“It’s one of the oldest events in European Tour history and we’re very proud that it is the Spanish Open. It has great winners – a lot of them Spaniards as well, who are my idols – and it is definitely one trophy that I would like to add to my CV.”
Cabrera Bello, who went undefeated in his Ryder Cup debut at Hazeltine National in 2016, is looking forward to playing in front of big crowds at Centro Nacional de Golf in Madrid – a venue well serviced by public transport from the heart of Madrid – and is pleased to see the Spanish tournament make its return to the European Tour’s Race to Dubai.
“I’m sure that we’re going to have really big crowds and I’m sure there will be a really big support by Spanish golfers. I’m very excited. For all Spaniards, it’s our fifth Major!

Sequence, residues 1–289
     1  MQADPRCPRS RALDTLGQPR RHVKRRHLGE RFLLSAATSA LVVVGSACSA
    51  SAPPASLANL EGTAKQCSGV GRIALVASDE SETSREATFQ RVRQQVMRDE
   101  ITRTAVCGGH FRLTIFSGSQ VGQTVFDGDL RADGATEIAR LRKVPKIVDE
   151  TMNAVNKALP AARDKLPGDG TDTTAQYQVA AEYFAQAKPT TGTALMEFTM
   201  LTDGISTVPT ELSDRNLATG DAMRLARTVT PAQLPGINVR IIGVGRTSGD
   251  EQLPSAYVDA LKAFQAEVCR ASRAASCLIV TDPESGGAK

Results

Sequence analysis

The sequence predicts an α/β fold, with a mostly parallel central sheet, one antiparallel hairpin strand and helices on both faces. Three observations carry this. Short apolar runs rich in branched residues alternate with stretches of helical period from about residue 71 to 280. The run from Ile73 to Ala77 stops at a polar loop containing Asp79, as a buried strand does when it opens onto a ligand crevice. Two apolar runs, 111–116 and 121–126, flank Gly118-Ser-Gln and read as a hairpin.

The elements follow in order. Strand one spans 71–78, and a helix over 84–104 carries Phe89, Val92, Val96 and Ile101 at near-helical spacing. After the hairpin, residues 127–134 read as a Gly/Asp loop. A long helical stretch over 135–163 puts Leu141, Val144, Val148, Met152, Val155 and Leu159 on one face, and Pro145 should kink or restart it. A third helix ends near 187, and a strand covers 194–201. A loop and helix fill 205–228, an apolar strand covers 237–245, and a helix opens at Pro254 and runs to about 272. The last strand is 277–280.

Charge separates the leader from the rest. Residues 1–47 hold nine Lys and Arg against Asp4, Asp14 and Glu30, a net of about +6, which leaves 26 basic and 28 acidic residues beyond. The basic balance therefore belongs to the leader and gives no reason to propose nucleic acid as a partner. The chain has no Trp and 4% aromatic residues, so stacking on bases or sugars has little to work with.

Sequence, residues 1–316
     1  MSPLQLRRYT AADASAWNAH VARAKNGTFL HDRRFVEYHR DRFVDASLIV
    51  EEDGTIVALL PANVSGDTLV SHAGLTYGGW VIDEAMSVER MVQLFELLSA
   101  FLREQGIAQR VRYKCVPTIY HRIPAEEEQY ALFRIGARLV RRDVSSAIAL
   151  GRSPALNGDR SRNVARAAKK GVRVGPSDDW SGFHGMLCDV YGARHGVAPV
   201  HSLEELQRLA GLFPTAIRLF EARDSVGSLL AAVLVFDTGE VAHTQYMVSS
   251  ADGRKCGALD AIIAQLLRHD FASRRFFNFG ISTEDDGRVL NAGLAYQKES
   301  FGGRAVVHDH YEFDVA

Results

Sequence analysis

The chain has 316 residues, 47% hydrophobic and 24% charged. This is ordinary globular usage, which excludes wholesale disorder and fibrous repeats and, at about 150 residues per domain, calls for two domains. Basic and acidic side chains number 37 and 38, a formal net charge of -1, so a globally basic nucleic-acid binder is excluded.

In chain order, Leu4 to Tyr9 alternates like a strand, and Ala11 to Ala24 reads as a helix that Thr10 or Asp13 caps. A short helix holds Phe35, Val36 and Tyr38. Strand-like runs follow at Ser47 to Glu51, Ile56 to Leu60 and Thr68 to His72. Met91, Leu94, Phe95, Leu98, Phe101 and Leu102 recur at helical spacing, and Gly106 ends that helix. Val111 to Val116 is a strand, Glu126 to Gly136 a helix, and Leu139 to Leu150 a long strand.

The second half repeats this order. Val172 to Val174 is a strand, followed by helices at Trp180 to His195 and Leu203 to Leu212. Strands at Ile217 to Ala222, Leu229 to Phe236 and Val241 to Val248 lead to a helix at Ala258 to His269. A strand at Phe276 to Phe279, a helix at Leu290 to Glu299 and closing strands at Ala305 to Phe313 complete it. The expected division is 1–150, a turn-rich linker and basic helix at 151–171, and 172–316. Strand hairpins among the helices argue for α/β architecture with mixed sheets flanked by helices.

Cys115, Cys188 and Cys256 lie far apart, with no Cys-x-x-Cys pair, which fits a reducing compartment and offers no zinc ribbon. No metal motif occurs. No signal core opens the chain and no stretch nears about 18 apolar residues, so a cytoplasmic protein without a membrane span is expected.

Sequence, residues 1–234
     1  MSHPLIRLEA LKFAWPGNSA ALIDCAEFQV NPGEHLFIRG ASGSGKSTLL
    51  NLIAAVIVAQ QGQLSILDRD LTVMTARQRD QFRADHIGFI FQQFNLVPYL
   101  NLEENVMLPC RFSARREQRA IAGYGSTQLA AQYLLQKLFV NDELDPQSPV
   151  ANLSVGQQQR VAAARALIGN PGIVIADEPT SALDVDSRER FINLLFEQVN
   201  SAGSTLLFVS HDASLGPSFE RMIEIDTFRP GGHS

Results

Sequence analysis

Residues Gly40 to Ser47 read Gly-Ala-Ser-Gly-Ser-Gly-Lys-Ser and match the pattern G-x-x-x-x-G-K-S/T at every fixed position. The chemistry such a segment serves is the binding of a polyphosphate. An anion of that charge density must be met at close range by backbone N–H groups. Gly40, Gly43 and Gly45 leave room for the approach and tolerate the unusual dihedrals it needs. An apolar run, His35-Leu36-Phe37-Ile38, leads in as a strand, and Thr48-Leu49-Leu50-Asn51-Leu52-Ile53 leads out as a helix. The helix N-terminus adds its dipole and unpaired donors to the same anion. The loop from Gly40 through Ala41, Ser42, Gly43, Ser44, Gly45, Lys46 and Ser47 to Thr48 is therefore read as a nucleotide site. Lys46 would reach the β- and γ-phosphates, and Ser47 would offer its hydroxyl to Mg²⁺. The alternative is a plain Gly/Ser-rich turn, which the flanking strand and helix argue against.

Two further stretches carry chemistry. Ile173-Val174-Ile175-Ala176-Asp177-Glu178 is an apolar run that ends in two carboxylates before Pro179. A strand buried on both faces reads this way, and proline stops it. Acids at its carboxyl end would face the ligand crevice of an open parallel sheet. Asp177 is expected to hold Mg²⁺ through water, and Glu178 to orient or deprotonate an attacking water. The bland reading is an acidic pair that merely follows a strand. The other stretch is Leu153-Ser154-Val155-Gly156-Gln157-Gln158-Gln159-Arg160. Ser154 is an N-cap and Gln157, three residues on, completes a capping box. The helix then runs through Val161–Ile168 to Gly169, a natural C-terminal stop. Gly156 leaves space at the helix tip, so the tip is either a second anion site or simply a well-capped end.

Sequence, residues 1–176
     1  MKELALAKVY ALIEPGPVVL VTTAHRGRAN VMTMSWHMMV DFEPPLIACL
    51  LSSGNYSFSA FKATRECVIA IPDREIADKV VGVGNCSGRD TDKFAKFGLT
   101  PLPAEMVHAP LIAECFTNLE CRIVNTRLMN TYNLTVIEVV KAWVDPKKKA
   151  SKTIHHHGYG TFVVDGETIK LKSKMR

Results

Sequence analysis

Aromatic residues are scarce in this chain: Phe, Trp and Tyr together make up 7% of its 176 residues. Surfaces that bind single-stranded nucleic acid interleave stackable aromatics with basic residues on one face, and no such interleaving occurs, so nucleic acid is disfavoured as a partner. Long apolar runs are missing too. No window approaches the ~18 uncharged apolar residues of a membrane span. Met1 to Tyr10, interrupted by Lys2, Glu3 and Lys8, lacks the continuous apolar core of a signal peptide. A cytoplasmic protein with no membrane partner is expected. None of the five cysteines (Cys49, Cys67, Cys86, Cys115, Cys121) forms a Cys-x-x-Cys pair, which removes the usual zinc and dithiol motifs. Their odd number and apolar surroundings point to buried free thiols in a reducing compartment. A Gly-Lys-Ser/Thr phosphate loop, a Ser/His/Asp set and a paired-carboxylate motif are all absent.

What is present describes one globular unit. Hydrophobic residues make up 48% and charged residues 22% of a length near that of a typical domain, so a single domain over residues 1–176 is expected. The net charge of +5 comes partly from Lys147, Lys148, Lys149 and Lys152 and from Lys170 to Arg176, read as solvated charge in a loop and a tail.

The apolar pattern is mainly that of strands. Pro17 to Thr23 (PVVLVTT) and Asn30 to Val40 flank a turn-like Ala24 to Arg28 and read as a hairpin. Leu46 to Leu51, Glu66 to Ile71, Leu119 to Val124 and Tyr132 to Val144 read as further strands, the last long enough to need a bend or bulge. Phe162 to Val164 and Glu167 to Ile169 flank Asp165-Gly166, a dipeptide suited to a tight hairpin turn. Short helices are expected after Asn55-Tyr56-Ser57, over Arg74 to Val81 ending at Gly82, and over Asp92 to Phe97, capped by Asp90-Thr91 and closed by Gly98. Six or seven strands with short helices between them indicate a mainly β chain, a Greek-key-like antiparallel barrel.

“We missed out on it last year and it’s been hard for the Spanish Federation to keep the event going. I know they’ve put a huge amount of work, together with the European Tour and the Madrid Golf Federation, for the event to be held this year. I know it came out a little late and we had to find a gap in the schedule to sneak it in, but I’m very happy it is back.
Jon Rahm. Difficult to bet against him
Rafa Cabrera Bello. Keeps grinding out the top-10 finishes
Andrew Johnston. Finding form again
Jon Rahm. Class act
Rafa Cabrera Bello. Proud Spaniard
Andrew Johnston. Time to get his game face on again
Pablo Larrazabal. Hugely underrated
Matt Wallace. Could challenge for a Ryder Cup berth
Paul Dunne. Played brilliant golf in America recently
Jordan Smith. Still looking for last season’s form
George Coetzee. Getting back to his best
Andy Sullivan. Enjoys playing in Spain
Scott Jamieson. No middle ground with Jamieson – brilliant or just plain awful
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Tags: european tour